At five o'clock on the last working day before Christmas the traffic leaving London was not at its lightest, but I managed to navigate my way to the North Circular – not only was this a time before satnavs, it was also a time before the M25 – and from there crawled my way round to the A12, eventually pulling into the car park of the Highlands around a quarter past nine. I felt I'd earned those Christmas pints.


Having ploughed through all of the above you're probably now expecting a bit of info about the Queen and Railway. I'm sorry to disappoint you, for whilst the old inn now earns a living as an Indian restaurant, I only discovered that fact whilst rooting around on t'interweb attempting to confirm its name. The bygone boozer which is the subject of this post is the Fishermans Arms in Great Yarmouth, and is where the conversation with Gary that appeared at the top of the page took place.


The Fishermans Arms.

Located at 39/40 Southgates Road, the Fishermans was in operation from the 1870s. The Register of Electors shows Edward Addy there in 1873.



When Edward retired three years later "...the well-situated Beerhouse, standing near the Fish Wharf, on South Gates Road..." was sold for£1,140 on the 7th September. It moved out of private ownership and passed into the possession of Wymondham Brewery who went on to sell it to Morgan's in 1894. This meant that it eventually ended up in the hands of Watneys, and it would've been their local brew, Norwich Bitter, that I was drinking that December lunchtime, forty-five years ago.


The Fishermans Arms pulled its last pint in 1999 and is now in residential use. Its neighbour in the above photograph has also disappeared. Spandler Bros. Ltd., a local haulier, has pulled its last load, having been taken over by York-based Revis Transport in 2015 who then pulled out of the town three years later.



Fishermans Arms Great Yarmouth
The former Fishermans Arms in August 2022. © Google 2022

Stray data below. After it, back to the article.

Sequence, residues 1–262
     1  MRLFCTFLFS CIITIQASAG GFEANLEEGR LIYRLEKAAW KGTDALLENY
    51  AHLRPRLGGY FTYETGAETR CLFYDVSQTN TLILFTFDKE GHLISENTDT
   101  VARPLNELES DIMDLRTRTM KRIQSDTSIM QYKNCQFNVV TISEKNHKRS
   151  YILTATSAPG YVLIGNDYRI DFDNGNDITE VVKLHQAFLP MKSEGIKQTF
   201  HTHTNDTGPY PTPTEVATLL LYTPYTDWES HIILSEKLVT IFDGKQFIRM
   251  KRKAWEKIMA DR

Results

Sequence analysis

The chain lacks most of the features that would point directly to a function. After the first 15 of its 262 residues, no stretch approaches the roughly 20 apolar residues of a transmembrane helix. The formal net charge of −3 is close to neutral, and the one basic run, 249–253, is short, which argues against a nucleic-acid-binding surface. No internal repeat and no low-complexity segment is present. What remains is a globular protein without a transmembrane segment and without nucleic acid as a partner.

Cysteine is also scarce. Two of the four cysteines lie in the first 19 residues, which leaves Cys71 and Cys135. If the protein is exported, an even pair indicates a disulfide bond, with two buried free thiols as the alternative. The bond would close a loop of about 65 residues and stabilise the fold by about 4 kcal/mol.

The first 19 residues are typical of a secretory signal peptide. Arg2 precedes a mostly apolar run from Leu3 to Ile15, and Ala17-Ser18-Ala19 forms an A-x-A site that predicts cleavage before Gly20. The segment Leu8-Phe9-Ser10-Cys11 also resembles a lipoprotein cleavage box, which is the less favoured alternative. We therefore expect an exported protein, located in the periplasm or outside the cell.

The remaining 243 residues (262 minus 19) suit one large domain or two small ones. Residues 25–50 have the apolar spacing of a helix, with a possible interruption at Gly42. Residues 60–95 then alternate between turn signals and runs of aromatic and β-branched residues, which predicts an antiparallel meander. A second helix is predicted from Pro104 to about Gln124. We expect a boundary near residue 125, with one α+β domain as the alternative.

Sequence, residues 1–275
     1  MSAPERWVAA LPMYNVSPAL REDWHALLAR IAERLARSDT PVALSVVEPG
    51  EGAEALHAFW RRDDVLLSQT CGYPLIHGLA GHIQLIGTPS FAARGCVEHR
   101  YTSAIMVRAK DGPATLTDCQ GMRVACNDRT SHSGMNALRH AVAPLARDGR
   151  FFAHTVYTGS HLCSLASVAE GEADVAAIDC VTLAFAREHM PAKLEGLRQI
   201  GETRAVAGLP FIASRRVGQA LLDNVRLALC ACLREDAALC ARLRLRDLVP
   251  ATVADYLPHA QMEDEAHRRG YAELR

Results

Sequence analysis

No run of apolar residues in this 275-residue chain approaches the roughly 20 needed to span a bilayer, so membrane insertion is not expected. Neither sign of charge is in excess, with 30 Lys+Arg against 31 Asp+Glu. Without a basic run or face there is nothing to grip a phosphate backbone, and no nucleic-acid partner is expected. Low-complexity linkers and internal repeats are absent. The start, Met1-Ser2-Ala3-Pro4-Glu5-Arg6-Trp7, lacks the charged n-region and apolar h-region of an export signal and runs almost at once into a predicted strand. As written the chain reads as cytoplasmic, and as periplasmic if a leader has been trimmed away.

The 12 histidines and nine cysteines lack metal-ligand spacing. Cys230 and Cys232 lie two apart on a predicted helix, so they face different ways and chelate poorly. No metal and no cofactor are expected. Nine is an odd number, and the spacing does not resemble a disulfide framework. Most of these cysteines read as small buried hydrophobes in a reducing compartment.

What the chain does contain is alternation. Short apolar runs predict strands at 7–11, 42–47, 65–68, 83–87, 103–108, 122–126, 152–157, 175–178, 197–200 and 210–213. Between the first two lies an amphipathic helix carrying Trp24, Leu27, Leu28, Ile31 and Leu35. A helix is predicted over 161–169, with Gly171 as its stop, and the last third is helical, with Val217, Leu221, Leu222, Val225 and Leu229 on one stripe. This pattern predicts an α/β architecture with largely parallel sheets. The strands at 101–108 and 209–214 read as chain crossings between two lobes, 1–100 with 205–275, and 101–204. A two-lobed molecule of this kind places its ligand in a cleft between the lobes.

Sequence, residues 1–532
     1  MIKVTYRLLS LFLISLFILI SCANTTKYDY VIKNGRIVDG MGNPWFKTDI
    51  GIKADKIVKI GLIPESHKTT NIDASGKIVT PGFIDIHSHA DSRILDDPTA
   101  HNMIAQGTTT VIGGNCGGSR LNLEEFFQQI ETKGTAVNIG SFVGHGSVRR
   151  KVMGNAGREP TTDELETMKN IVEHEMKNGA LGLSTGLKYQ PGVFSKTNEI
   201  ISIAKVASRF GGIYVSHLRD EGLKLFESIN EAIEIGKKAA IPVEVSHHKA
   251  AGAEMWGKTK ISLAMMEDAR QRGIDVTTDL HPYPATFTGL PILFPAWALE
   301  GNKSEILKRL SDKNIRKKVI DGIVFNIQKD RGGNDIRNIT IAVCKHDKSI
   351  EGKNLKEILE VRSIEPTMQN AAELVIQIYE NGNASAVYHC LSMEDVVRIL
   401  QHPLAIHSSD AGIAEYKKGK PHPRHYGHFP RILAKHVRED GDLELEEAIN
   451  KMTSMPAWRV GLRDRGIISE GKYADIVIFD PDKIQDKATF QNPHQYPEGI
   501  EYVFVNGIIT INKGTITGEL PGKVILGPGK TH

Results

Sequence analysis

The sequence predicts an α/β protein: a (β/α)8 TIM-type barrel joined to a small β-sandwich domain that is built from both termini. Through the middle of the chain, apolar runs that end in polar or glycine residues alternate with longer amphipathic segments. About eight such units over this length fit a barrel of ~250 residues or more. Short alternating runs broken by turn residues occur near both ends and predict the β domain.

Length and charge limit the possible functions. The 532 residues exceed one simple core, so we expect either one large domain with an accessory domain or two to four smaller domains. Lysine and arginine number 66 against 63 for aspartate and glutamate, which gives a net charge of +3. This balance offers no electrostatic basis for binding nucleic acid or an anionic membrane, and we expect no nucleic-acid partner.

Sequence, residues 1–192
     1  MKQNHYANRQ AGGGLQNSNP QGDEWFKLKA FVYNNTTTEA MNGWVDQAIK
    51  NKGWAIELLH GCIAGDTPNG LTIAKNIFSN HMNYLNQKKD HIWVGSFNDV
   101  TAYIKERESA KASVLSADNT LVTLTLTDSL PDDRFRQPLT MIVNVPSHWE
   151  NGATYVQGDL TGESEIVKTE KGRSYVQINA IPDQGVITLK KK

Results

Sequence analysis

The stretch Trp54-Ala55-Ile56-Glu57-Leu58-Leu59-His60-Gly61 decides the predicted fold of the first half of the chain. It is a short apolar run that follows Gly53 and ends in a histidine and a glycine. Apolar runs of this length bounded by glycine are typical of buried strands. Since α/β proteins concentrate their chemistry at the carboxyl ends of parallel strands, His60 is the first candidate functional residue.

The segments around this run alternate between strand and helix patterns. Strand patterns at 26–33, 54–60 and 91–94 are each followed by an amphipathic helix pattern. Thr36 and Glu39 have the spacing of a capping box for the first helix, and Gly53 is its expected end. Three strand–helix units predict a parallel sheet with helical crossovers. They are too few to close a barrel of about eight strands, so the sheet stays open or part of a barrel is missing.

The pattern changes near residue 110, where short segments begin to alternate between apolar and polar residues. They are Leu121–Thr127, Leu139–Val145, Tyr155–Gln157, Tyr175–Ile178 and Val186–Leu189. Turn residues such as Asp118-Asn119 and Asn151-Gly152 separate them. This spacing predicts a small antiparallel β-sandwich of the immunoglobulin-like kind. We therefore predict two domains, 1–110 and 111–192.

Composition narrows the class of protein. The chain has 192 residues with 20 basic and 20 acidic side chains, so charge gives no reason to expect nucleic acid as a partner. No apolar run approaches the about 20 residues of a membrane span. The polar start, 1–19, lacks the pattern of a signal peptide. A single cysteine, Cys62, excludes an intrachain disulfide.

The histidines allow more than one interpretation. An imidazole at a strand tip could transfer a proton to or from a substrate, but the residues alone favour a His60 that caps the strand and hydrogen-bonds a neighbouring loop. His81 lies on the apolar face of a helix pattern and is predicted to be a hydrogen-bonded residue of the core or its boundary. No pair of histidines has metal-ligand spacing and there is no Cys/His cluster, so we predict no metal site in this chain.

Moving on from a dim and distant yuletide to this current one. As the festive season was approaching, a friend, now living across the pond, surprised me a couple of weeks ago with a visit and presented me with this pack of seasonal goodies.




If you're lucky there may well be a review coming later. If you're unlucky there might be a post on the Queen and Railway too. However, don't let the thought of that put you off your Christmas pud.



Merry Christmas! Nadolig Llawen! God Jul! ¡Feliz navidad! Joyeux Noël! However you like to say it, do have a good Midwinterfest.



Thanks to Debbie Larke for the black and white image of the Fishermans Arms. Derek Harper's and James Petts' images are copyright and are reused under this licence.



If you've read this far, then thank you. Possibly, like me, you may have some sort of interest in bygone boozers. Clicking here will take you to a searchable/sortable index which you can use to see if I've already featured any lost locals from your locality. You can also subscribe to ensure that you don't miss any future posts. Simply click here to return to the home page (opens in a new tab), follow the 'Subscribe' link and complete the form to receive an email notification of any future post. Or you could simply follow the link at the top of this page.